Tax Day 2010 – We’re All In This Together
April 15 is the deadline for Americans who have received income from any source in the prior year to pay any taxes due on that income. Needless to say, it is not the favorite time of year for most people. Generally there is a certain amount of hullaballoo about the whole thing. People complain about how much is taken from their wages, how people who don’t work still get help from the government, that they never personally agreed to the taxation, that people should be responsible for taking care of themselves, that some other generation is not doing its share or being appropriately responsible finacially, and so forth. The list of complaints goes on and on.
I’d like to offer a quick thought about the whole issue of taxation.
I seem to recall stories from our Judeo-Christian tradition in which the question “Am I my brother’s keeper?” arise in one form or another. Again and again, the response from God has been, “Yes, you are.”
From the earliest days of our tradition, through the Law and the prophets, to the days of Jesus and the early Church and up to the present day, we hear again and again, “We are all in this together.” We are to look out for each other. Yes, we are to do our best to take care of ourselves and those personally entrusted to us (spouses, parents, children, siblings), but we are also to take care of the widows and orphans among us (i.e., those who don’t have family or identity within the society). That means we are responsible for those who can’t work, even if they seem able-bodied, those who may not have proper legal documents allowing them to be here but who have had the misfortune to get sick or injured, those whose parents can’t earn enough to buy food, clothing, books, or health care for them, those elderly who have no children with whom they can live or who could afford to pay for shelter, food, and medical care for them, those for whom there is no job. Again, the list goes on and on.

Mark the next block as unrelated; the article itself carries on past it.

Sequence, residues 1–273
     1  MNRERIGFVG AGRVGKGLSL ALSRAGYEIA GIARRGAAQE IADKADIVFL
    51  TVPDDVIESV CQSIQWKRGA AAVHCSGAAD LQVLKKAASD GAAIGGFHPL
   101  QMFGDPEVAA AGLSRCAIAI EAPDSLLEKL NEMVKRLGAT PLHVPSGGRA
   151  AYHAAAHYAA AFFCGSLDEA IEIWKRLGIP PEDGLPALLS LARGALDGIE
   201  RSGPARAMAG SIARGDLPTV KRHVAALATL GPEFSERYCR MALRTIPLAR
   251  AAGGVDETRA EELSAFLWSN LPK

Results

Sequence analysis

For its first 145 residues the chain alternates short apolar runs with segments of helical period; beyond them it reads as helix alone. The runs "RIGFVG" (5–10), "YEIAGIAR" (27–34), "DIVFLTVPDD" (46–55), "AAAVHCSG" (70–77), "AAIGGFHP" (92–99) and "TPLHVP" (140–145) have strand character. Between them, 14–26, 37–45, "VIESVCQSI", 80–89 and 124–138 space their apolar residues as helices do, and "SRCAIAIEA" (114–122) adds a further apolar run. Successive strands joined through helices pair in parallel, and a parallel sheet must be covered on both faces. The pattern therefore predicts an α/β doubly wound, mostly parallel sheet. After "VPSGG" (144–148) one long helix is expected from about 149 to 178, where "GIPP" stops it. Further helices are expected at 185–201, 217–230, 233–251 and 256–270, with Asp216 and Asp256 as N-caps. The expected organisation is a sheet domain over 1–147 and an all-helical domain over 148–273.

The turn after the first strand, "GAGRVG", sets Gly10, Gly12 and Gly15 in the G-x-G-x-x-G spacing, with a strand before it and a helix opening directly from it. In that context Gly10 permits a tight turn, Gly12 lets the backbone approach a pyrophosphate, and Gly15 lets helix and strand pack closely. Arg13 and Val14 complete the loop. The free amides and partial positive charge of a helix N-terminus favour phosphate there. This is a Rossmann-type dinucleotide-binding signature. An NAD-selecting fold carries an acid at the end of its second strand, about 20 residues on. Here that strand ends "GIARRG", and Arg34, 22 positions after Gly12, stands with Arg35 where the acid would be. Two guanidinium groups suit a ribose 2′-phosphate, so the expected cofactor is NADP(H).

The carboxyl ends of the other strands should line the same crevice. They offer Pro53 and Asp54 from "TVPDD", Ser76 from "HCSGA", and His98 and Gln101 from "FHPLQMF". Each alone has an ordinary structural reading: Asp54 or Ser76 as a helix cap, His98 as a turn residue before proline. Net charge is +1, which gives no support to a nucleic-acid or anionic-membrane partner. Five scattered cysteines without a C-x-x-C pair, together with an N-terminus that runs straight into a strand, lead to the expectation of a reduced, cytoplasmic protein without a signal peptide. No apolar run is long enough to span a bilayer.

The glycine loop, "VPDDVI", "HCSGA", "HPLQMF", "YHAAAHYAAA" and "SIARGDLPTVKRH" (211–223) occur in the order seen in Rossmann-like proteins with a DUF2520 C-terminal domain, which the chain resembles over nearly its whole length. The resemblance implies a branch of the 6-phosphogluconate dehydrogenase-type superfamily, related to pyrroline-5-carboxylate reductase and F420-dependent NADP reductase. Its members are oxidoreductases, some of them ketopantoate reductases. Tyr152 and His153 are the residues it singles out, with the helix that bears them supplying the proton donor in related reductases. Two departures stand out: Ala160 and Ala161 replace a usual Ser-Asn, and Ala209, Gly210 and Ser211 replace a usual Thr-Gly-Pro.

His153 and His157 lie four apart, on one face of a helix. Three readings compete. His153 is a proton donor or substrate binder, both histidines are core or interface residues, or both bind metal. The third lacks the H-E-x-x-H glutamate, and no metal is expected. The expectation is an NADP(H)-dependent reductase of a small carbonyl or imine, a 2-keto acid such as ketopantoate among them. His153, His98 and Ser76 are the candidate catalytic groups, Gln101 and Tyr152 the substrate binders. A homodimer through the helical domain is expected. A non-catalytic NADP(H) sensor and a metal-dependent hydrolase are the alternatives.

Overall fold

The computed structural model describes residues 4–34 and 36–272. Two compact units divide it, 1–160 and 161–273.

We also share responsibility to pay the cost of keeping our communities safe, our roads, buildings and bridges safe, our educational systems safe and effective, our environment healthy, and those whose work is to serve the larger community paid a decent living wage, with access to health care and time off to renew their spirits and raise their families.
Some of us have been blessed with more resources. Some of us receive money for work done by others (parents, grandparents, etc.). Some have investments that provide income without the necessity of doing any physical or mental labor. Some have barely enough income to keep simple shelter overhead and food on the table. Some have enough for a comfortable lifestyle, without much left for the frills.
Whoever we are, whatever our circumstances, we are all responsible for each other. We’re all in this together.
So let’s pray for the grace to be willing to give of what we have. Some will receive more than they have paid in taxes as a refund this year. Believe me, when that happens to an ordinary family, they really need the money. They haven’t had a great year financially. It’s truly a gift from God to have enough income to have to pay taxes. There are so many deductions from taxable income, so many credits to help families and business owners, that if we still owe some tax, generally speaking, we have been blessed. It doesn’t always feel that way, but in the big picture, we have been blessed.
So today, as we send in our checks and our forms, let’s ask a blessing for ourselves and each other, a blessing for our country and our world, and a word of thanks to the Lord for the rich blessings of opportunity, environment and loving community that we have received.